2) This is the biggest challenge in writing epic fantasy. For me, I divided the series into two halfs (books 1-5 and books 6-10) with a focus on some characters for the first half, some for the second. But also, I do plan for certain characters to step back a little in other books. It's a balance I'm still juggling.


    4) Yes, many of them will--and will still be important.


    Interesting.So you consider Szeth and Eshonai as supporting characters now?And characters like Rysn, Zahel(I heard, he's a character from your other book, but I haven't read it yet), and Taravangian...can they be considered side characters too, with supposed bigger role in the future? Have you chosen a flashback character for Book 4 yet?(Eshonai or Szeth?)

    I hope, you plan a distinct ending for first part of SA(books 1-5) with conclusions of the story arcs of all main heroes, instead of cliffhanger ending:)Did you have an ounline for all five books(major plot turn, destinies for all characters) when you started the series, or you deciding in the process?

    "I do plan for certain characters to step back a little in other books." You mean situations like Shallan being absent from two parts in Way of Kings?And Dalinar in WoR.

    Brandon Sanderson

    These are all things that will be clear as I write further. If I say too much, it will give spoilers.

    /r/fantasy AMA 2017 ()
    #11769 Copy


    I know the Fourth Mistborn Era is to be sci-fi and FTL... but would we get some cyberpunk Scadrial at all? Because from what I gather it sounds like only space faring and travelling to other worlds.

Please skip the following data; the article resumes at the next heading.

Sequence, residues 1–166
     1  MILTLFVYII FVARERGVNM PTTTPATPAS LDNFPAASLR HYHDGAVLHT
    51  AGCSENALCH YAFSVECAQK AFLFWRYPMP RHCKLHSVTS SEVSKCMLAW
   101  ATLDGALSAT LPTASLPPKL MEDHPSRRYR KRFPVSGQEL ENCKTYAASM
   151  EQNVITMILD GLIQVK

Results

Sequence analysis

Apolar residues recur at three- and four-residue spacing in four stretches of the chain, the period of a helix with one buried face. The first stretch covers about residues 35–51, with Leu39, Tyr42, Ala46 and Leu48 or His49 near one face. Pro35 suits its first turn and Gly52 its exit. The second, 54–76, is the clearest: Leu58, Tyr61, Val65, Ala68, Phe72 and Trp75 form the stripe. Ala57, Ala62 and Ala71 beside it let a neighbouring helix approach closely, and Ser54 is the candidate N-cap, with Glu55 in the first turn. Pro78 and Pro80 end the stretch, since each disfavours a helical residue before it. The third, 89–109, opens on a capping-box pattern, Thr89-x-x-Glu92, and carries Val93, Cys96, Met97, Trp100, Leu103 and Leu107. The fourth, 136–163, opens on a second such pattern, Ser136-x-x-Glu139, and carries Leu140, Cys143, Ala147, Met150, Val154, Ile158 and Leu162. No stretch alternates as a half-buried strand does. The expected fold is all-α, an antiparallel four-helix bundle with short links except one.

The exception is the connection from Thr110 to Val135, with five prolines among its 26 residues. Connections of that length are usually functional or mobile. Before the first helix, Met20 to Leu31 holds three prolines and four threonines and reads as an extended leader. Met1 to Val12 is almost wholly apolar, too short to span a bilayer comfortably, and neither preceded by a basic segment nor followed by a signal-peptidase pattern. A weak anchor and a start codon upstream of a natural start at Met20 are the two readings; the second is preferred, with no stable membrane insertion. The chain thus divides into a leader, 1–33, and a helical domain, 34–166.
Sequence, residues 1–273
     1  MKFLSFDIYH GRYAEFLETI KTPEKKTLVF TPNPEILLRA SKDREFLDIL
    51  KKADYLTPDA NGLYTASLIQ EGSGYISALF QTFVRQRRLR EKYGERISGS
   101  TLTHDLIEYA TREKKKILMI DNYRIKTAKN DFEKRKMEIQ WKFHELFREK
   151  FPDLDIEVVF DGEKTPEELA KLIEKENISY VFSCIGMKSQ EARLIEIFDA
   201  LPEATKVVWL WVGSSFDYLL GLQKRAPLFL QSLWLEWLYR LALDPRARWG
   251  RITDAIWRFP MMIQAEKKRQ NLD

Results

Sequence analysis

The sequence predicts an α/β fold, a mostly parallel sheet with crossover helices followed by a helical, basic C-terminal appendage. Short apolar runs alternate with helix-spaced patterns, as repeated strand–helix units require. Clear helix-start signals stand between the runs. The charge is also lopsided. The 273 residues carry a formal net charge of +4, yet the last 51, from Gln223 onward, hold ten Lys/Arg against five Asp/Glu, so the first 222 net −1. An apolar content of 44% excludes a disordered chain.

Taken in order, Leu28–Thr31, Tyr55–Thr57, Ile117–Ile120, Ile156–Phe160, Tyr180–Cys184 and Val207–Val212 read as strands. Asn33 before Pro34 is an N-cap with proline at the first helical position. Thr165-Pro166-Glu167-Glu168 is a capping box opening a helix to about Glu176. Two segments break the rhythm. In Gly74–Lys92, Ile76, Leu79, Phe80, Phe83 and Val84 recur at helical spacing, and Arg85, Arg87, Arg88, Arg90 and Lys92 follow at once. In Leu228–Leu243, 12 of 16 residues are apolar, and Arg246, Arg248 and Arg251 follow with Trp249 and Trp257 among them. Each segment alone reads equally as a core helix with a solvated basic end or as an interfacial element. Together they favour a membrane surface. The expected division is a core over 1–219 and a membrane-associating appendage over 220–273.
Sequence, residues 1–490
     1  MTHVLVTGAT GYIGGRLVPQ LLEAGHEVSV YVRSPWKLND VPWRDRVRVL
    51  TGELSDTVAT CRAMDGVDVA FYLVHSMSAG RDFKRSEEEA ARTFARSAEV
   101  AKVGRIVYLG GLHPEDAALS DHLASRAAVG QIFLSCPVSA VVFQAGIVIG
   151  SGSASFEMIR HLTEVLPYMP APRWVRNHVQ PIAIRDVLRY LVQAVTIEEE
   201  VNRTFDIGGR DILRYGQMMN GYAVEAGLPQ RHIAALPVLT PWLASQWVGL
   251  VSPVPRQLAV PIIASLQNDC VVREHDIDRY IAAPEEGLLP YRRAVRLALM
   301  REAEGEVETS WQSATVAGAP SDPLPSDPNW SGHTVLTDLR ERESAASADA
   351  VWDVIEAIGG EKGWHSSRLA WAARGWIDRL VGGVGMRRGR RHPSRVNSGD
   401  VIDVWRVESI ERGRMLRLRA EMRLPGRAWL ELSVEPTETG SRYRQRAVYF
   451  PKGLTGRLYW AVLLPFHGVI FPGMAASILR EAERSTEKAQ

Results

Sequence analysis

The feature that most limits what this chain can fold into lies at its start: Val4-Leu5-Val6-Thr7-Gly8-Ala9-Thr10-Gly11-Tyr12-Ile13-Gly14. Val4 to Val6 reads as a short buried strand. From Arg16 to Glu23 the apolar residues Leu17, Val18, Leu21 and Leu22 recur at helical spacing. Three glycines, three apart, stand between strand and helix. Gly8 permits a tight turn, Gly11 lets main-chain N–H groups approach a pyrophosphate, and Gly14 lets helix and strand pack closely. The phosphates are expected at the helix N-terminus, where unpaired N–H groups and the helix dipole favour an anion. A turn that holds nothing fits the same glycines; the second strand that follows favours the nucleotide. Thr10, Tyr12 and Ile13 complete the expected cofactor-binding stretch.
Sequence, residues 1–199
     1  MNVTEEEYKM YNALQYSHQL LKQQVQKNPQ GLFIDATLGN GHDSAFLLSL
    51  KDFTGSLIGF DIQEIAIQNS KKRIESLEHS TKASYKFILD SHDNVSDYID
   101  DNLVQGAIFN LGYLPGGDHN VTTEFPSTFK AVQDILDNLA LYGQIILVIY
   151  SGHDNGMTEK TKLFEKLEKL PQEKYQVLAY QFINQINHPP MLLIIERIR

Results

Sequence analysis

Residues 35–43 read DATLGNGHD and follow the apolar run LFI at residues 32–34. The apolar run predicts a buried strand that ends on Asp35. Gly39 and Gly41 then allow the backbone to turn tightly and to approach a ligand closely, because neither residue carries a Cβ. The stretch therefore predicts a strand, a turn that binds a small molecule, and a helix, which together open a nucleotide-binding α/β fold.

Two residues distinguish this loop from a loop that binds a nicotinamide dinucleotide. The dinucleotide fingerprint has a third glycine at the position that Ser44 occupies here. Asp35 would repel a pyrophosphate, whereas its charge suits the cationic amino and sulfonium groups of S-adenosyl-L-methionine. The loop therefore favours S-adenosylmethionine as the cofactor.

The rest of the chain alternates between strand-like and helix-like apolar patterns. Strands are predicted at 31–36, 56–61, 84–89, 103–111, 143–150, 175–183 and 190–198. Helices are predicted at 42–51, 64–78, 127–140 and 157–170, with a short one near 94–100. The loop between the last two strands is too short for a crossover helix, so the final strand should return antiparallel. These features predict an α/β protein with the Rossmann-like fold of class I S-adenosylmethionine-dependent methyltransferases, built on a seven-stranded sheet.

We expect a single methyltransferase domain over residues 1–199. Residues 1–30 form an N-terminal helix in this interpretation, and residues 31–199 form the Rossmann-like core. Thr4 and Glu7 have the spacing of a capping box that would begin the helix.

Brandon Sanderson

    I've toyed with a cyberpunk era Mistborn. It will depend on how quickly I move getting through the series.

    /r/fantasy AMA 2017 ()
    #11774 Copy


    I just finished Arcanum Unbounded and I have to ask: Who's the "dangerous" guy in the corner of the waystop in Shadows for Silence in the Forests of Hell? That's not Hoid, is it?

    Brandon Sanderson

    This is not Hoid. I toyed with a cameo for him in the story, but decided that forcing him to be at every little point in all the smaller stories was just having him be there for the sake of having him be there. It's better for the cosmere if I don't force him into every story, but let him be involved in the ones where he has a legitimate reason.

    Beyond that, getting on and off of Threnody is not particularly easy.

    /r/fantasy AMA 2017 ()
    #11776 Copy


    What worlds within the cosmere are you excited to write about that you haven't yet touched on (or touched significantly enough on)?

    Brandon Sanderson

    I do want to do a Threnody novel. The world of Dark One, if I manage to get it into the cosmere, is cool. Silence Divine. There are a lot of them.

    /r/fantasy AMA 2017 ()
    #11778 Copy


    Your books are unusual for the fantasy genre in that they are interested in exploring traditional Christian values, usually coming down in their favor (especially faith in providence and the willingness to believe in a divine plan for the world and the individual, something which comes up again and again in your work.) At the same time, your characters have reason to be suspicious of the specific forms of religious practice in their worlds, and the cult of the survivor in particular can be read as a conflicted portrayal of religion: it's a kind of religious belief which works in some way for its faithful despite being based on a falsehood, and Kelsier is a kind of dark parody of Christ. The cosmere seems to have an implicit theology which separates the truly divine, which is fundamentally inaccessible even to the most knowledgeable characters, from the apparently divine shards and splinters. I guess my question is, how do you think about integrating religious themes into a fantasy universe, particularly given your systematic style?

    Brandon Sanderson